Childhood In The Catcher In The Rye By J. D Salinger

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Childhood is the time of truth innocence. The protagonist, Holden Caulfied, is a reclusive person who cannot bring himself to find elation. He wants to break the confinements of his solitude by talking to someone or at least by making some kind of connection, but he could only discern desolation and loneliness. Dismally, he is repudiated by all the people who he try to talk to and is confronted with rejection and dissent from society. The novel, The Catcher in the Rye, written by J.D Salinger, accentuates the obliteration for oneself to be fraternized and associated. The author portrays Holden's early childhood as a period of ignorance and innocence, and depicts how he carries a fear of failing to possess the courage to be candid and different from transitioning to adolescence by fitting himself to society.
Holden's walk to the natural history museum holds strong emotions in him. He begins to reminisce about his past visits when he was young. He ponders on what changes have happened and whether his younger sister, Phoebe, is still the same person she used to be. Holden does not want to go inside the museum; he refuses to discover his new self. This shows that Holden is petrified to embrace his own character and would rather live in denial. He consistently reflects and judges other people, but he is unable to see his own life and express his feelings freely. The museum is a symbol of Holden's childhood growing up, experiences, and his lost of innocence. People change as time goes on whereas the museum remains the same. Holden fears that he cannot preserve his youth the way the museum preserve its values, and he sees it as a place to restore his memories.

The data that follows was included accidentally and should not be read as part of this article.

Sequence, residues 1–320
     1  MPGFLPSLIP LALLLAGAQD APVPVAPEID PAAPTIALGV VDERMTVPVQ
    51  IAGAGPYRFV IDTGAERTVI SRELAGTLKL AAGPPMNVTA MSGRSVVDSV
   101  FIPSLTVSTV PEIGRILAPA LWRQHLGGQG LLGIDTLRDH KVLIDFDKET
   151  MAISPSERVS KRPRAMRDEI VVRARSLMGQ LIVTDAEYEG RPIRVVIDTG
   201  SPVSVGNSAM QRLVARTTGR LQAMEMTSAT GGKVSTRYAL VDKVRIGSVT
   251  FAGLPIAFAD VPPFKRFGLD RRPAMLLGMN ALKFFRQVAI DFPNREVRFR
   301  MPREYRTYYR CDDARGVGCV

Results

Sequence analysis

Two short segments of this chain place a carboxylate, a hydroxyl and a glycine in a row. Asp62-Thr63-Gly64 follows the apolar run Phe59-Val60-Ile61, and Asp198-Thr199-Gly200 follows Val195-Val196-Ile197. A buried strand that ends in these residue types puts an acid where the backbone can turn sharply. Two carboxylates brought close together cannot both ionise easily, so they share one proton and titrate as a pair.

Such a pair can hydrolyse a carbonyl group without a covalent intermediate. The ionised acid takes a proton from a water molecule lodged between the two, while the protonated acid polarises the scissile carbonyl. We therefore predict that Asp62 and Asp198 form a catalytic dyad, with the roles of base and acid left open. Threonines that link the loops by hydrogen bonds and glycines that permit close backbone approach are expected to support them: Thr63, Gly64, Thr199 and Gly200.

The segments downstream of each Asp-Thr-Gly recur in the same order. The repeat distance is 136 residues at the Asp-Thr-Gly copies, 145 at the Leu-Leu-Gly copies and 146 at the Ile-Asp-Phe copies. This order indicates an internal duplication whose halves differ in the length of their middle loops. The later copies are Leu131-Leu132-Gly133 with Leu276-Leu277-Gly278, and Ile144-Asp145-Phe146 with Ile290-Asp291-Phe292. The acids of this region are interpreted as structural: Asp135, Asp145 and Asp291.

Phoebe suggests that Holden’s goal of saving children from falling off th...

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...'s cowardice progressing in his adolescence and seem to exclaim against the intricate of life. Although Holden dislikes adulthood, he ordinarily tries to act and behave at an older age when talking to women. Conceivably, Holden feels he cannot be a successful adult because he abhors adulthood and wants people to empathize him and listen to his story.
Life is a process that riddles with flaws from childhood to the complexities of adulthood. Salinger highlights that the perception of growing up is incessantly unbearable in a society that does not allot solidity and values to the youth. Holden fears of growing up and hates the real world because he is afraid of being alone and ostracize from society. At the very core of all human beings, there is a time that everyone have to accept what life holds for oneself and learn to move on without looking back.
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